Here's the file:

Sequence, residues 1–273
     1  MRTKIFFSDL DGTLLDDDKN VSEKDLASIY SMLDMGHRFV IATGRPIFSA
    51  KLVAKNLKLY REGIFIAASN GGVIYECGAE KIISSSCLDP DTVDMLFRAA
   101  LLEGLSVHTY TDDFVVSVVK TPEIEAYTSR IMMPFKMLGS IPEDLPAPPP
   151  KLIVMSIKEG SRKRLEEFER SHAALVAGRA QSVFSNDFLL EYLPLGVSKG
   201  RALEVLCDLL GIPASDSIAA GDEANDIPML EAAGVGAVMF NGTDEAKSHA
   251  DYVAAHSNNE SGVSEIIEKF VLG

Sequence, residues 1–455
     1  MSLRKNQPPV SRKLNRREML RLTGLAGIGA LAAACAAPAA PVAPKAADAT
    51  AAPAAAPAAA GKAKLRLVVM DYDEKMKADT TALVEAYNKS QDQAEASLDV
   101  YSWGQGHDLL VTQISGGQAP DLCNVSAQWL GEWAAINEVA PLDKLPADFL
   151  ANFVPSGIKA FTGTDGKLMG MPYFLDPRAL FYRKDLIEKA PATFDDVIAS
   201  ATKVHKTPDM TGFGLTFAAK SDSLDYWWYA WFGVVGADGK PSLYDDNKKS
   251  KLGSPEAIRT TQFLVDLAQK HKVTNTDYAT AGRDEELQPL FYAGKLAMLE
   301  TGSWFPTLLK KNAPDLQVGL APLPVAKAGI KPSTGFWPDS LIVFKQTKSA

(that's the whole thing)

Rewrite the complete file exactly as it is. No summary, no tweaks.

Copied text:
Sequence, residues 1–273
     1  MRTKIFFSDL DGTLLDDDKN VSEKDLASIY SMLDMGHRFV IATGRPIFSA
    51  KLVAKNLKLY REGIFIAASN GGVIYECGAE KIISSSCLDP DTVDMLFRAA
   101  LLEGLSVHTY TDDFVVSVVK TPEIEAYTSR IMMPFKMLGS IPEDLPAPPP
   151  KLIVMSIKEG SRKRLEEFER SHAALVAGRA QSVFSNDFLL EYLPLGVSKG
   201  RALEVLCDLL GIPASDSIAA GDEANDIPML EAAGVGAVMF NGTDEAKSHA
   251  DYVAAHSNNE SGVSEIIEKF VLG

Sequence, residues 1–455
     1  MSLRKNQPPV SRKLNRREML RLTGLAGIGA LAAACAAPAA PVAPKAADAT
    51  AAPAAAPAAA GKAKLRLVVM DYDEKMKADT TALVEAYNKS QDQAEASLDV
   101  YSWGQGHDLL VTQISGGQAP DLCNVSAQWL GEWAAINEVA PLDKLPADFL
   151  ANFVPSGIKA FTGTDGKLMG MPYFLDPRAL FYRKDLIEKA PATFDDVIAS
   201  ATKVHKTPDM TGFGLTFAAK SDSLDYWWYA WFGVVGADGK PSLYDDNKKS
   251  KLGSPEAIRT TQFLVDLAQK HKVTNTDYAT AGRDEELQPL FYAGKLAMLE
   301  TGSWFPTLLK KNAPDLQVGL APLPVAKAGI KPSTGFWPDS LIVFKQTKSA